George Marodis (right), U.S. Department of Agriculture sourcewater specialist, demonstrates to people how dumping chemicals and waste into the ground can seep into ground water and contaminate the water supply during a previous Earth Day Expo. (Photo by Nathan Pfau)
Published: April 14, 2016
FORT RUCKER, Ala. (April 14, 2016) -- The Earth and its resources may seem infinite to some, but what Mother Nature provides is very limited, according to Fort Rucker environmental specialists.
For that reason, the installation is doing what it can to educate the public on going green and how to be good environmental stewards.
Fort Rucker will celebrate its fifth Earth Day Expo at the festival fields April 21 from 10 a.m. to 3 p.m. as a way to educate those across the installation and the Wiregrass on how to better take care of the environment, according to Darrell Hager, environmental protection specialist for the Environmental Management Branch.
Various businesses and organizations have been invited to attend the event to showcase products, services and demonstrations designed to help people better serve the environment at the organizational level, or at a personal level in the office or at home, Hager said.
“It’s about awareness, so people can understand that the way we currently live can’t sustain us for the long run,” he said. “The original Earth Day was 46 years ago and it was an international event that brought attention to the issues – it was the catalyst for some of our first environmental regulations.
“We need to get it out there and show people that there are environmental issues and there are things that we have to look at,” Hager added. “We want to make them aware of all the different environmental products and services available to them.”
From things like the type of power they use to run their cars, facilities and homes, to the type of soap or cleaners that people use can make a difference in the sustainability of the Earth, he said.
“You don’t know the damage you could be causing to either yourself or the environment if you’re not educated on the subject,” added Melissa Lowlavar, EMB chief. “(The expo) is a way to educate people that there are better things that they can do to help the Earth and be good environmental stewards.
“There are products that people can use at home that are not only better for the environment, but better for their family, as well,” she said. “It might provide less exposure to chemicals for the family. One thing people should realize is that just because you’ve always used a certain product or done something a certain way doesn’t mean it’s a good thing. That’s why we want to get the information out to the Fort Rucker community, as well as people in the Wiregrass, about new, innovative ideas in the environmental field.”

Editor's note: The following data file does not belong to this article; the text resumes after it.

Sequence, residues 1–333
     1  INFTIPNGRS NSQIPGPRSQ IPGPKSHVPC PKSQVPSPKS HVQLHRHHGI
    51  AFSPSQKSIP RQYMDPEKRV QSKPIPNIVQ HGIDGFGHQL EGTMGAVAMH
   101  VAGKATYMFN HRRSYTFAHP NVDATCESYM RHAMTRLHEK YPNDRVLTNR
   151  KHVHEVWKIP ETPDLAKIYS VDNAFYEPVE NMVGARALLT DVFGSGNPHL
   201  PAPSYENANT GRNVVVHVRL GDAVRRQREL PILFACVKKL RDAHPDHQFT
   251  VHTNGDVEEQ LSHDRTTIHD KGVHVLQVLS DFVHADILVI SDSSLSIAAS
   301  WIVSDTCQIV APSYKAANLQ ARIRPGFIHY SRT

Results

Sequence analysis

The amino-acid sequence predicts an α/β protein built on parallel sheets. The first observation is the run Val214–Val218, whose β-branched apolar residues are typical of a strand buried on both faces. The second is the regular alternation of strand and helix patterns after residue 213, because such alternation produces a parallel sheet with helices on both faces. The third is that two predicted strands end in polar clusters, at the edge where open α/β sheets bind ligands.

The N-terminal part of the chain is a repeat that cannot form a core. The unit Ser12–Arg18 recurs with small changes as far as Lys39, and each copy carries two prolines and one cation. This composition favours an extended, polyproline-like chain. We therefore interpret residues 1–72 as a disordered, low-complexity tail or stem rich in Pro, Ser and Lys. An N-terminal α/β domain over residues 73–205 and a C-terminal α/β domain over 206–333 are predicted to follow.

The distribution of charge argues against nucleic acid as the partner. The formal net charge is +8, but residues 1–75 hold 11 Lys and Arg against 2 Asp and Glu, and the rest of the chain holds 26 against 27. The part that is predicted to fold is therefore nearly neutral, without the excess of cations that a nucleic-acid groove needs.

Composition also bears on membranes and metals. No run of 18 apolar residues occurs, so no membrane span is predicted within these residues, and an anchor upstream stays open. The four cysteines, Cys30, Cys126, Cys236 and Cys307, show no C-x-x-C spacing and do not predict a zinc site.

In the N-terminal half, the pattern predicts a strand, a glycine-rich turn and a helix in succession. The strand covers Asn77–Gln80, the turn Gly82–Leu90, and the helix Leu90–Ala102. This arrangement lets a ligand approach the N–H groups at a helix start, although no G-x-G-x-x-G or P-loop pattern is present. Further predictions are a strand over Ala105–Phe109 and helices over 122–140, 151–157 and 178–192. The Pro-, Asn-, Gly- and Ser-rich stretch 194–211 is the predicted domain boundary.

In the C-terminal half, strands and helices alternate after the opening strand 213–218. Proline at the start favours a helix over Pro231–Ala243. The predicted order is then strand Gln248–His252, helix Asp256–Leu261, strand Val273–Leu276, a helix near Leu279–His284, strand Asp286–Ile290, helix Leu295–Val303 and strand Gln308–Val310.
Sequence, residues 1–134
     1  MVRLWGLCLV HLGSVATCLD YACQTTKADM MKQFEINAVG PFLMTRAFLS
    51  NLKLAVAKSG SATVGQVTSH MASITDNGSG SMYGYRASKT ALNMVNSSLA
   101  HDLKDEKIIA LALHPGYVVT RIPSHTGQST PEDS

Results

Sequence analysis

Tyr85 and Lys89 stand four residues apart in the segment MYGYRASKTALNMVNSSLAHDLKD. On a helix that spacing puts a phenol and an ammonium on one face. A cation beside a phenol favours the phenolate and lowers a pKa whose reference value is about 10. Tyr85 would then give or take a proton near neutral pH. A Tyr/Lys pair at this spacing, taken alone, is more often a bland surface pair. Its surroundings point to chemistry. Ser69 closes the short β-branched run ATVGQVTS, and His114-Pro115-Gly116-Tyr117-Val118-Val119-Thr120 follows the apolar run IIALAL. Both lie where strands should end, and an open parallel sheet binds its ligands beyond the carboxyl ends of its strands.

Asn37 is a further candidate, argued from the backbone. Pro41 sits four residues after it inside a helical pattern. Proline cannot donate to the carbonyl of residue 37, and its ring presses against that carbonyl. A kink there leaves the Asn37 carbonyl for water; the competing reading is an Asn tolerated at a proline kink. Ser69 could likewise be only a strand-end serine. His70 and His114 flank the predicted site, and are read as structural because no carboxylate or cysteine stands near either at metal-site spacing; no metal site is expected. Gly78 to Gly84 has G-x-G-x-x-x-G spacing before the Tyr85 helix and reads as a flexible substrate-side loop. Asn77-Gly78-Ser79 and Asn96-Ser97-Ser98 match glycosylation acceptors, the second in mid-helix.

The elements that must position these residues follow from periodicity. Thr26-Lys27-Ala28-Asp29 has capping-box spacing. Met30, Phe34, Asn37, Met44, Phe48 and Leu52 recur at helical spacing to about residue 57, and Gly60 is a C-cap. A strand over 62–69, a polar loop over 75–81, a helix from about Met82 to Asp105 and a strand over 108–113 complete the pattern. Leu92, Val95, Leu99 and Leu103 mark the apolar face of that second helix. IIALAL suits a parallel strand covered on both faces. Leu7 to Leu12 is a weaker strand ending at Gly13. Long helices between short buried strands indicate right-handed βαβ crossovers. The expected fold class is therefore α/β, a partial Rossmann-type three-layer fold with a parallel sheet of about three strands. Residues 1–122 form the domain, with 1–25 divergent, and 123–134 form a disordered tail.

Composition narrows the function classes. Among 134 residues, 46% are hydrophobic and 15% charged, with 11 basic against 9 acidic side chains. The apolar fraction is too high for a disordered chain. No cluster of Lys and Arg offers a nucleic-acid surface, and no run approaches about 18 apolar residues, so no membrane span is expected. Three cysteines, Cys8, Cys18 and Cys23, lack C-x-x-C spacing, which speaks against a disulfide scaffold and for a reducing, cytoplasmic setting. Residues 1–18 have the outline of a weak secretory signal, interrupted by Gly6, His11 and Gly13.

As in previous years, this year’s event will again feature an E-cycling event, where people can bring their old electronics to be recycled. People can bring computer towers, keyboards, computer mice, printers, scanners, laptops, wires, microwaves, coffee pots, power cords, battery backups, lead batteries, satellite receivers, cell phones and telephones. No government hand-receipt items will be accepted.
It’s important to recycle these materials because, Hager said, much of the equipment contains elements and chemicals that can be harmful to the environment if disposed of improperly.
For those who miss out on the E-cycling event, these items can be recycled year round at the recycling center in Bldg. 9322, located on Third Avenue.
In addition to the Earth Day Expo, the Center Library will hold its Earth Day Awareness April 20 at 3:30 p.m. People can attend to learn more about Earth Day and even visit with different animals to discover ways to protect the environment they live in.
The event is limited to the first 65 participants registered and is Exceptional Family Member Program friendly.
Additionally, the Center Library will hold its Earth Day craft activity, “The Many Faces of Recycling,” April 23 from 1-2:30 p.m. The event is offered to children 8 years and older, and is limited to the first 25 people to register. For more information or to register for either of the events, call 255-3885.
Hager said that it’s important that people understand that there is no quick fix to the problem of environmental waste and that it demands a lifestyle change in order to make a real impact.
Education is important because for the more than 7 billion people in the world, most are living in a way that isn’t sustainable for the Earth, he said.
There are a finite number of resources on the Earth and a certain amount of demand, and soon the demand will outweigh the resources that the Earth can provide, said the environmental protection specialist. Finding and using renewable resources is the best way to curb that dependence on those finite resources, such as fossil fuels.
“Environmental change has to be a lifestyle change – it’s like exercising. If you do it every day, then it gets to be a habit. It’s the same with being green,” he said. “If you just do it for one weekend, it’s not going to make as much of an impact as it would if you do it all the time and, like exercise, the longer you do it, the more results you’ll see.”
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